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Infrared spectroscopy of plant cell cultures : noninvasive measurement of viability



Infrared spectroscopy of plant cell cultures : noninvasive measurement of viability



Plant Physiology 95(2): 610-615



Infrared spectroscopy was used to examine suspension-cultured pear (Pyrus communis L.) and Spartina pectinata cells. Noninvasive measurements were made using internal reflectance sampling. Spectra of actively growing cells exhibited a pronounced absorbance at 2343 reciprocal centimeters. The absorbance peak was identified and verified as CO(2) dissolved in water. This peak was absent in nonviable cells. Peak height was directly proportional to percent viability in artificial mixtures of viable and nonviable cells, indicating that the level of intracellular CO(2) production could be used as a viability determinant for plant cells. Suspension-cultured cells were slowly cooled to subzero temperatures and analyzed for viability using infrared spectroscopy and tetrazolium staining. Both methods showed similar trends in viability assessment. Infrared spectroscopy could provide a more detailed understanding of cell viability and allow measurement on a noninvasive basis.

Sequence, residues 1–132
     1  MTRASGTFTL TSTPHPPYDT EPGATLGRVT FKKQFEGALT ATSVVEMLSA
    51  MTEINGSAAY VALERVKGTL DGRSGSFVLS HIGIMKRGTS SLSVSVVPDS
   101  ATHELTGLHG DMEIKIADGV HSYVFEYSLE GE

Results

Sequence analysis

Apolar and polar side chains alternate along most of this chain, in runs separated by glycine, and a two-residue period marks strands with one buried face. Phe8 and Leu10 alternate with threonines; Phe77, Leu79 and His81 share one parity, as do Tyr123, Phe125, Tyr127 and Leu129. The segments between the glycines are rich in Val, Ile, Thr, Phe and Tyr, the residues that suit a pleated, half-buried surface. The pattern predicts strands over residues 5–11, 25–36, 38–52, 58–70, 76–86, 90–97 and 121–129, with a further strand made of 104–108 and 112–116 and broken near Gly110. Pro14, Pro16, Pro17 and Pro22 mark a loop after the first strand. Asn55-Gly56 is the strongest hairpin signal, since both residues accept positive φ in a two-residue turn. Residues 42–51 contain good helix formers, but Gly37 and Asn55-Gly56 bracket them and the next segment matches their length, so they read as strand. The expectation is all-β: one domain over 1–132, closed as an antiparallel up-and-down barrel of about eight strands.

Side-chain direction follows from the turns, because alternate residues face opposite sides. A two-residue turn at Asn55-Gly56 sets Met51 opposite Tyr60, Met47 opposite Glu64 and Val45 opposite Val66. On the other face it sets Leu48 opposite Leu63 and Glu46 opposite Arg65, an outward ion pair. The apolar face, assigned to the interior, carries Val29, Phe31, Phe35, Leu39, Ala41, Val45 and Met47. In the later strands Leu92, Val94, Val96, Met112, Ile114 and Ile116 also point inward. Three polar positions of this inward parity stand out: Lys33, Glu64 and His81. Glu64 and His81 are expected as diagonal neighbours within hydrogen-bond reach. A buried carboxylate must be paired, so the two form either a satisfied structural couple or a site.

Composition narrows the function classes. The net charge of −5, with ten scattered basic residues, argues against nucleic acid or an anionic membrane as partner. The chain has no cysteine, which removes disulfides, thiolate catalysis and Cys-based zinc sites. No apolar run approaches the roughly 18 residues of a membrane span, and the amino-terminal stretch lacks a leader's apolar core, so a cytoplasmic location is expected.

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Accession: 002139227

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PMID: 16668026

DOI: 10.1104/pp.95.2.610



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